Lower Quota And Make More Sales

What a failure

In high school, I set a personal goal to graduate as Valedictorian. Our class ranking was based on GPA. I set my sights on attaining a perfect 4.0 GPA.  

But alas, I was not very athletic nor artistic. In my first 2 years, I earned a couple of B’s in Gym and Art.

I graduated as Valedictorian and had won several scholarships but with finished with a GPA of 3.97.

If my GPA goal was a sales quota, I had failed and might have been fired.


Some companies consider quotas to be just like this – any result short of perfection equals failure.

You’ll hear people at these companies saying things like

  • Less than half of our reps hit their quota
  • We’ve got the wrong sales people 
  • The reps are just order takers

If you have the wrong sales people, these statementmight be true.

Or maybe… you’ve set quotas too high.

What would happen if you lowered your sales quota to a number that nearly every rep can hit?

We did this when I ran sales at Sharefile:

Every rep was hired into an SDR role and assigned a monthly quota that was the absolute minimum required to keep his job. After 3-6 months of successfully hitting quota, SDRs were promoted to AE roles with the same quota and commission structure.

  • SDRs and AEs (Closers) were paid $30K base plus $7K in commissions if they hit quota.
  • Anytime a deal closed, quota credit was split between the SDR and the AE.
  • Quota was $600 per month for SDRs and AEs.
  • On average, 12 sales of $100MRR got a rep to quota.
  • Accelerators and multipliers kicked in for reps who sold over quota.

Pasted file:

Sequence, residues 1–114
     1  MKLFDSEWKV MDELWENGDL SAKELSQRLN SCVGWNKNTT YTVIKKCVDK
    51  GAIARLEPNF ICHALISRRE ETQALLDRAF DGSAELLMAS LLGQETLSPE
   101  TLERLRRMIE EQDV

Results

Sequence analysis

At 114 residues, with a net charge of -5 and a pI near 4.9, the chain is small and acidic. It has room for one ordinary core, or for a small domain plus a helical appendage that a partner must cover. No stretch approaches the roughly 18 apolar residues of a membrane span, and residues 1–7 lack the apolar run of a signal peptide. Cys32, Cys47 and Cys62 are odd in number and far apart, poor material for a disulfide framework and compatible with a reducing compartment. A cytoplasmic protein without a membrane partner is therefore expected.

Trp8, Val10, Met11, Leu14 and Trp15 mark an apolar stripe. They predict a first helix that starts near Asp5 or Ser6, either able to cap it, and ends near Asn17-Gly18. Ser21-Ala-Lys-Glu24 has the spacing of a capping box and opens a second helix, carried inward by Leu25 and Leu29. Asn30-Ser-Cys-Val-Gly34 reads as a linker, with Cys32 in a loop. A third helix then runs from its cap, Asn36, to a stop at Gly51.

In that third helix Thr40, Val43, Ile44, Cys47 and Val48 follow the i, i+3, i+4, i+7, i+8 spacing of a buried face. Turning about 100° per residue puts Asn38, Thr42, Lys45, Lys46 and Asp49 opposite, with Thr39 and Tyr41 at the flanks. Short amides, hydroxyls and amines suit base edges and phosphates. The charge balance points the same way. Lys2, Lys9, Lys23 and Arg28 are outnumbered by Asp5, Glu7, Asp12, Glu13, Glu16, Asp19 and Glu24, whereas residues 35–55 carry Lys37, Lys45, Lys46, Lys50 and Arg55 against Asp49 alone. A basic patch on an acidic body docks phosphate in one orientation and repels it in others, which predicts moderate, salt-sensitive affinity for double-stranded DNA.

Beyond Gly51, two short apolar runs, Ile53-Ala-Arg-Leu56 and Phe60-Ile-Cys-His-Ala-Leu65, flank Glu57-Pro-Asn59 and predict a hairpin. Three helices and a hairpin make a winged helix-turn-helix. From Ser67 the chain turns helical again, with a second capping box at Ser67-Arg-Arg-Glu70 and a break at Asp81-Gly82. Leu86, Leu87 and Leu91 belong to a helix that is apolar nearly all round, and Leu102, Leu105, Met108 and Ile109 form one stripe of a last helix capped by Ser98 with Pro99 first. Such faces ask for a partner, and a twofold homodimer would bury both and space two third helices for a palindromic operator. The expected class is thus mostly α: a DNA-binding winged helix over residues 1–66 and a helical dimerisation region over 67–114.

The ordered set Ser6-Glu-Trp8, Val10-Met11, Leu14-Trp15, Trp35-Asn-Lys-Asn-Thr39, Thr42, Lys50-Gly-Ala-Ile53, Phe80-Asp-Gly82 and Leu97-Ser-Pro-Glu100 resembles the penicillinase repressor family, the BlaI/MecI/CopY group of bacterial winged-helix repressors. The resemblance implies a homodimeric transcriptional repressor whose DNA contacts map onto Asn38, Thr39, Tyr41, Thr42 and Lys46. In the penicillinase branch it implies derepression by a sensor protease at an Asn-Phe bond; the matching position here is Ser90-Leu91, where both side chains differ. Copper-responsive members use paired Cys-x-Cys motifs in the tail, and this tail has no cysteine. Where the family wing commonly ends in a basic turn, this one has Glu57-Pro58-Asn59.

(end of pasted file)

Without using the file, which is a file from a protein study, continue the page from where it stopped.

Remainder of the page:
If a rep missed quota, he immediately was put on a PIP. If he missed it the following month he was fired.

Also, for a rep to get off of the PIP, he “owed us” and had to makeup the shortfall from the previous month in addition to his current month’s quota.

Our results were amazing.

  • Over 95% of our reps hit quota
  • More than 75% sold over 2x quota every month
  • Most reps earned over $75K in their first year despite having a $37K OTE package
  • Revenues increased from $10M to $25M in 12 months
  • Revenues increased to $58M in 24 months
  • We profitably scaled the sales team from 50 reps to over 175 in 18 months
  • Our employee turnover rate was less than 5%
  • Nearly half of our reps had been PIP’d once*

There’s no doubt that it helped that we had the right product at the right time and ran a finely tuned, high-velocity sales operation.

But our commission plan, PIP and low quota were an integral part of this.

Before Sharefile, I thought that quotas should always be set high to give reps a high bar.

I also believed that once most reps hit quota, they would slack off. 

It didn’t work that way for us.**

Each month, I would assign my sales managers a team sales goal based on our business plan. This goal was much higher than the sum of individual rep’s quotas.

For example, if we had 20 reps, the total quota would be:

20 reps x $600MRR = $12,000 in new MRR

But our sales team goal might be $20,000 in new MRR.

Then I’d work with the managers to divvy out the goal to every sales rep on the team.

  • A sales rep who was brand new might have a goal of $600.
  • A sales rep with more experience might have a goal of $1000.